There’s so much potential to do so many things. We’ve done a bunch of these shows, but we’ve never done a designated tour. I want to do that and we’re planning on doing that. I think we can make feature films. I think we make TV shows. One of the things I’m most excited about as Hit RECord has grown, more and more artists that I really admire are interested in working on it with us. As we progress, we’ll be able to do anything. Not even in that long, just because more and more artists will be contributing a higher quality of work, and because our site will be able to facilitate more and more organized collaborations between artists. We’ll be able to make a movie that is indistinguishable from [a studio feature.] We’ll be able to make whatever the hell we want.

I appreciate that you don’t measure success in numbers, but are there some metrics that can measure growth? I recall you had about 22,000 users in Sept. 2010. What’s that figure now?
It’s about 80,000 now.

Judging from all the film projects you seem to have rolling right now, it doesn’t seem so, but have you reached a point yet where you’ve had to choose between the two in any way: your duties with Hit RECord or a movie project?
We’ve figured out a pretty cool way for it to work in tandem with the other professional things that I do. But when it comes to other side projects and stuff, I do tend to be like, “Well, I do already have a side project whenever I’m not doing my real job.” So there’s that. That’s a sacrifice that I make, and I’m happy to make. But I have found that Hit RECord is so flexible, it can be what we want it to be. Like, I love the idea of doing theater. Well, I haven’t done a play because I spend that time doing Hit RECord. But then we got to do these shows that do really satisfy my desire to do that, and I think even much more so than a conventional play would. Or, I do have a desire to make movies and not just act in them. Well, I’m doing that with Hit RECord.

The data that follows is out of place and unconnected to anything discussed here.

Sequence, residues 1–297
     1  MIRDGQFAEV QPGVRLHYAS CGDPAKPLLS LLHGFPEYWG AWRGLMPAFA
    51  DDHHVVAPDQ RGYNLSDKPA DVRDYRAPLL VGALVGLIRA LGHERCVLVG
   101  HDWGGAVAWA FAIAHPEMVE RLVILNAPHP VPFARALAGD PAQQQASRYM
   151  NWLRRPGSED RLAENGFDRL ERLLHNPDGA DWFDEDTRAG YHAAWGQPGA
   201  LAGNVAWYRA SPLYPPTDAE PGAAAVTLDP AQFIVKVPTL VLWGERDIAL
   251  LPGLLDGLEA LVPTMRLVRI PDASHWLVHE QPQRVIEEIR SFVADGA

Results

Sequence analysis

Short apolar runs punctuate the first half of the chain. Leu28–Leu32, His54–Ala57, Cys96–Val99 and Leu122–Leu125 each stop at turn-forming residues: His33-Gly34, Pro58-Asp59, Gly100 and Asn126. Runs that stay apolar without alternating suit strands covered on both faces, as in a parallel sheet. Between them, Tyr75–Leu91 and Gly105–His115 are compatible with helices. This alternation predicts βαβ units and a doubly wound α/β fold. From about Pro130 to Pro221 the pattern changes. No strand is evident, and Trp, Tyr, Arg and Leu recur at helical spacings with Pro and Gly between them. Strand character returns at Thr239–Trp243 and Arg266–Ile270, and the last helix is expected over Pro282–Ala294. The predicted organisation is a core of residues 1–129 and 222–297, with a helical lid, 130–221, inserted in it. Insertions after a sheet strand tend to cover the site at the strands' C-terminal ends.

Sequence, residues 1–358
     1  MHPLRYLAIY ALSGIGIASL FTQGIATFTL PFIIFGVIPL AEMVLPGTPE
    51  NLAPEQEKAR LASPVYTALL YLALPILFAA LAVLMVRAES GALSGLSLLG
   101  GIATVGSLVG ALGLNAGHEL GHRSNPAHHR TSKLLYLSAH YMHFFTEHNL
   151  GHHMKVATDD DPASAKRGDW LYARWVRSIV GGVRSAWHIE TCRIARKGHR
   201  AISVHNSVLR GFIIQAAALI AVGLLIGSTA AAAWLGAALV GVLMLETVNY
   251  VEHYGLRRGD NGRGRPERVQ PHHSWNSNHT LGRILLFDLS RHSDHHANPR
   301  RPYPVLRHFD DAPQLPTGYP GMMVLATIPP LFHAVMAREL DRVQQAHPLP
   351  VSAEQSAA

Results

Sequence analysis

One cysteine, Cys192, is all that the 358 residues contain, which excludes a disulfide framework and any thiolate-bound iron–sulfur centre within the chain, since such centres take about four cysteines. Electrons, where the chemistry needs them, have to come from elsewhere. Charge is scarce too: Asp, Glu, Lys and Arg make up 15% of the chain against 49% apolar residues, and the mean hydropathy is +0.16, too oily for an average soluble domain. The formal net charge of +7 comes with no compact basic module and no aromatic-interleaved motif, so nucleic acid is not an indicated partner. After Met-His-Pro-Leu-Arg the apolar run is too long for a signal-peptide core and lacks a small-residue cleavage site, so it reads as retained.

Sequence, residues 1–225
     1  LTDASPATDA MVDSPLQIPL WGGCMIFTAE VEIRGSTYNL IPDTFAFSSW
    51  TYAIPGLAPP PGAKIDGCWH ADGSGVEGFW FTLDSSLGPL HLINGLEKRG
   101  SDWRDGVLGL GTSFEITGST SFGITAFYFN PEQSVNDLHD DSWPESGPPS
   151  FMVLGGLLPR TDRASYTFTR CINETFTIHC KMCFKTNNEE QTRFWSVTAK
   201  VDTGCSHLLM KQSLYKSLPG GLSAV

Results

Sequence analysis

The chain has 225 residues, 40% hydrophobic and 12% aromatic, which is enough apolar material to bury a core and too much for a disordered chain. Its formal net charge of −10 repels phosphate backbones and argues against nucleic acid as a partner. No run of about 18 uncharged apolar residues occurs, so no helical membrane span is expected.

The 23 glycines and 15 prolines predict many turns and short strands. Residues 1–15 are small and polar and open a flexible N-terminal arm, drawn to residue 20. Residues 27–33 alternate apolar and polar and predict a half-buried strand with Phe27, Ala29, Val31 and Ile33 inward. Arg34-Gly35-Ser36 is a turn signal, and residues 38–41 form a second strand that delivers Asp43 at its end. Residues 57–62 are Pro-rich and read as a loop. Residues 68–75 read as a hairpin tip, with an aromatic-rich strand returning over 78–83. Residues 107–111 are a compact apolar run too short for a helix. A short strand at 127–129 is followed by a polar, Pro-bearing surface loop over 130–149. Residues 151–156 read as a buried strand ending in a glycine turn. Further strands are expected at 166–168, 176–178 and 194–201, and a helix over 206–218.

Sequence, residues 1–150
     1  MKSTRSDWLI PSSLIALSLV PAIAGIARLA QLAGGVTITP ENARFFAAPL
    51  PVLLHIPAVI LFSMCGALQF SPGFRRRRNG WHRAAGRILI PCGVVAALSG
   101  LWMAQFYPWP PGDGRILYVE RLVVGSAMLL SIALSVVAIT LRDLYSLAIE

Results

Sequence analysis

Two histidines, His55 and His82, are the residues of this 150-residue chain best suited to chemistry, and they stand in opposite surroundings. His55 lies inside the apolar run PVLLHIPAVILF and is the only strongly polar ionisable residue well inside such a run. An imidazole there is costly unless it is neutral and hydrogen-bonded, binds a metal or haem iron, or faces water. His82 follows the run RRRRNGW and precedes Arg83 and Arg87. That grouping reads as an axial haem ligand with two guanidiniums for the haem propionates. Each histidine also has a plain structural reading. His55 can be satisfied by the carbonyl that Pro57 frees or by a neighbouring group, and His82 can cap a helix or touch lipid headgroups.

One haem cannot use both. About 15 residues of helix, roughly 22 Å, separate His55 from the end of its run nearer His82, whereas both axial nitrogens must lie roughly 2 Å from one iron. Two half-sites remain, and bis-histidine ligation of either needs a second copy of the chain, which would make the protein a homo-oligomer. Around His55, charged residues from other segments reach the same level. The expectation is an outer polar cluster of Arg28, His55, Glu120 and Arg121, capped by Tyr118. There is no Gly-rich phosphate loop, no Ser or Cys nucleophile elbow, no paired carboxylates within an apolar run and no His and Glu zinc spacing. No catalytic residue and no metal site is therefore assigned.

What kind of feedback and conversations have you had with some of these established directors you’ve recently worked with, like Chris Nolan and Steven Spielberg, who I assume are aware of your project.
Chris and Emma [Thomas] have been enormously supportive of Hit RECord — they’re big rooters for the underdog. They gave us this great opportunity really early to contribute to this documentary about dreams that’s a bonus feature on the Inception Blu-ray. It was all our visuals and our music, and obviously that was a big come-up for us to have our name and our artists’ names in the credits for the documentary that’s on the Inception Blu-ray.

Alright, I know when I’m beaten, in regards to The Dark Knight Rises, but I’m equally passionate about Doris Kearns Goodwin’s book and Spielberg’s Lincoln film that you’re a part of. You play Lincoln’s son, Robert, meaning you likely share a lot of scenes with Daniel Day-Lewis. What can you tell me about that experience?
It was really unique. I had absolutely no problem fully believing that I was standing across from and speaking to Abraham Lincoln. It was uncanny. I’ve never experienced anything quite like it, to be honest. It just seemed like him — this guy, this icon that’s been in my head since I was born. We all have this image of this historical figure, and it totally felt like that was my dad. He didn’t seem like, he didn’t look like Daniel Day-Lewis the actor at all.

Read More:
EW Special Coverage: Sundance Film Festival
EW’s Sundance preview: 12 must-see movies for 2012
Sundance 2012: Star Portraits, Day 6